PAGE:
Baby #2 is coming! Believe it or not (that’s me talking to myself) in just a few short weeks, we will be welcoming our second little adventurer into the world. He or she has already been coming along on quite a few journeys, and has probably logged more miles than Bergen (now 3 years old) when I was pregnant with him. We believe in the importance of traveling as a family, and more than ever we felt it was essential to build that bond as a family of 3 before adding another member.
I flew several times during the pregnancy, but it was on our last trip, a week in Oahu at about 28 weeks, that I really took notice and reflected on some best practices for air travel while pregnant. Considering that I’ve had more discomfort during this pregnancy, I was somewhat anxious for how this last set of flights would go. Not worried enough, of course to be alarmed or call anything off, but cautious.
In the end, I didn’t have much to worry about as the flights to and from Oahu went smoothly. With a few implementations and considerations, I was comfortable, and the experience wasn’t too far from flying without a mini “passenger”:
Talk to Doctor/Health Professional
Early on in the pregnancy, before we even thought about booking our trip to Oahu, I checked with my doctor and received her okay for air travel in general as well as a cut-off date of when she thought it was best to strictly stay close to home. I continued to check-in with her as the pregnancy progressed to ensure that I was still on track health-wise, and reminded her of our plans. Every pregnancy is unique, so I thought it was best to get specific advice based on my personal progress and circumstances.
Reserve an Aisle Seat
Being able to stretch my legs, and get up without bothering other passengers (even my own family members) was essential in making the flight a pleasant experience. In terms of seat assignments, I also like being as close to the front of the plane as possible. This way we are able to exit the plane quicker, you have access to the food and drink service first, and you can essentially choose between a quick dash to the front bathroom, or having the opportunity to stretch and move your legs by taking the long walk to the rear bathrooms.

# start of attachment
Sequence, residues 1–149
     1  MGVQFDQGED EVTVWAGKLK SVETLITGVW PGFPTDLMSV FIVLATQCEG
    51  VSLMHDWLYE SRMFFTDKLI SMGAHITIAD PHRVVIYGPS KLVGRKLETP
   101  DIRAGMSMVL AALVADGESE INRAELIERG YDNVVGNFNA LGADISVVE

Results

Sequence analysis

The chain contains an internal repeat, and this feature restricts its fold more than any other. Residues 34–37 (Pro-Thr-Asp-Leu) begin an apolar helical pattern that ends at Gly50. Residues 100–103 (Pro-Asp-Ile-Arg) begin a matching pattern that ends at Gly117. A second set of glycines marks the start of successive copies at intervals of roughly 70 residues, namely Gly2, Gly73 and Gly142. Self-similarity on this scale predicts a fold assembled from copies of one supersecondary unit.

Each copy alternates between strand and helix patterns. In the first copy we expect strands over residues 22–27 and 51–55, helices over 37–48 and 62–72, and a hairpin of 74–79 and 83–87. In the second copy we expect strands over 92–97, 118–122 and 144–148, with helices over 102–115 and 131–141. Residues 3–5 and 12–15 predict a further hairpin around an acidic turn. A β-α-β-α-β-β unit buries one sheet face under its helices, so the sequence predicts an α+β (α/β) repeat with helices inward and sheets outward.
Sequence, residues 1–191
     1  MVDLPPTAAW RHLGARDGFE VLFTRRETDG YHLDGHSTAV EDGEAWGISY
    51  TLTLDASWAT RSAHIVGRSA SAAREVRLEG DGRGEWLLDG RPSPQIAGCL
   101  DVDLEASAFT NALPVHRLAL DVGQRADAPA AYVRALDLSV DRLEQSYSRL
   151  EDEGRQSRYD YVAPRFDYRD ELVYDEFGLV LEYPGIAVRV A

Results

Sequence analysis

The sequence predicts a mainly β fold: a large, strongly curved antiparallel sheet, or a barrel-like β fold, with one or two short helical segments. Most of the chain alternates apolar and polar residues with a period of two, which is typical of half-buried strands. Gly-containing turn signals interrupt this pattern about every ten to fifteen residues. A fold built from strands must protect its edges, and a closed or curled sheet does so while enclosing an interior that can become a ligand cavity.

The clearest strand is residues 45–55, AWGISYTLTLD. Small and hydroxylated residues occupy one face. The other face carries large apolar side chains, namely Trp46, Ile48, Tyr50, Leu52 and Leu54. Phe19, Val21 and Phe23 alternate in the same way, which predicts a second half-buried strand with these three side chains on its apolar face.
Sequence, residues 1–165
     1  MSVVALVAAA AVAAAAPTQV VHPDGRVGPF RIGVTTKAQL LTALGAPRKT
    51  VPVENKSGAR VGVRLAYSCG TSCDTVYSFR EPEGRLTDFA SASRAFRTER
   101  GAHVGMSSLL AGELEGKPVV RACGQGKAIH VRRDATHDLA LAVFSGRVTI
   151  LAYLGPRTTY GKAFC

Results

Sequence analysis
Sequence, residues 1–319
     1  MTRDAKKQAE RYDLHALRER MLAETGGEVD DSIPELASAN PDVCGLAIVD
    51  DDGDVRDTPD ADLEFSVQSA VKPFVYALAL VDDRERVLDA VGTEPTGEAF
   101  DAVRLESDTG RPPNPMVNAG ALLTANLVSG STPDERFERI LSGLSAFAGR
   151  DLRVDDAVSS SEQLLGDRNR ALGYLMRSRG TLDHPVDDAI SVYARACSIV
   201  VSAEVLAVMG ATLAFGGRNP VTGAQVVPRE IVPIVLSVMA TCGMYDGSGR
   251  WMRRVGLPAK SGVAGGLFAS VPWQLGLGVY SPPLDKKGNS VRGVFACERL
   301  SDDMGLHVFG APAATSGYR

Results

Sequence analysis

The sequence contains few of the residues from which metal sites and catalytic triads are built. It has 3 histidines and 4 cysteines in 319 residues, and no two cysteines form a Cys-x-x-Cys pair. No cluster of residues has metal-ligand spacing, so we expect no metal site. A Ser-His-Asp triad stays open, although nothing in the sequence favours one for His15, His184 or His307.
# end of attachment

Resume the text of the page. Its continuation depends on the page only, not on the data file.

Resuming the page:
I made sure to take advantage of the drink service whenever the flight attendants came by, and had my own large water bottle filled so that I could sip often. During the flight, I also avoided any drinks that would dehydrate me like coffee and caffeinated tea and soda. All the liquid worked in my favor (thankfully there wasn’t a lot of turbulence restricting us to our seats) too because I then had to get up more often to use the facilities, which meant more leg stretching opportunities!
I tried to make bathroom breaks last as long as possible by bringing Bergen along, walking slowly down the aisle, stopping at the galley to interact with the flight attendants, and allowing Bergen “extra” time to wash his hands and play in the mirror if other passengers weren’t waiting. Like I mentioned earlier, I often chose to use the bathroom further away in order to have more opportunity for movement. Also, just getting out of my seat to retrieve an item from our overhead bin served as a good break for my legs. It’s okay to stand in the aisle for a little while–as long as you aren’t blocking the way!
Due to some extremely stubborn varicose vein action on my entire lower body on the left side, I’ve been instructed by my doctor to wear a few different compression pieces throughout the day. Flying was just like any other day, and in fact I wore compression stockings on both legs (normally I just wear one on the left leg) just to give some additional blood circulation to my right side. Even if you don’t have varicose veins, with pregnant women being susceptible to blood clots, compression items (socks, stockings, sleeves, etc) can just be another tool in keeping the blood flowing.
Pack or Purchase Healthy Foods
Since I’m always hungry, pregnant or not, I always have a plan for food, but flying while pregnant makes it all the more important to have good, wholesome food on hand. For this last 5+hour flight, we did a combination of bringing some food bought at the airport along, and purchasing snacks on board. It really depends on the time of day, so consider your itinerary and plan ahead! At least with Alaska Airlines, our usual carrier of choice, there are decent food options, and they are not any more expensive (often less, actually) than what you’d find around the terminal.
Keep Mind Busy
On our most recent flight, since I had a 3-year old to entertain, it was easy for my mind to be occupied, and I really couldn’t think about being uncomfortable or be anxious about getting to our destination. At about 24 weeks, I flew alone, and even though it was just a quick flight down to San Francisco, it helped to have a plan for keeping busy. I made sure I had a book/reading material handy, took time to journal, and even cleared out my phone’s picture file! I wasn’t moving my body, but keeping my mind active and occupied allowed little time to fret about any minor discomfort that may have been occurring.
To the moms, Did you fly during pregnancy? What was your experience like? And to all the parents, did you take a babymoon (flying or driving)? I’d love to know where you traveled to! Let’s chat in the comments.
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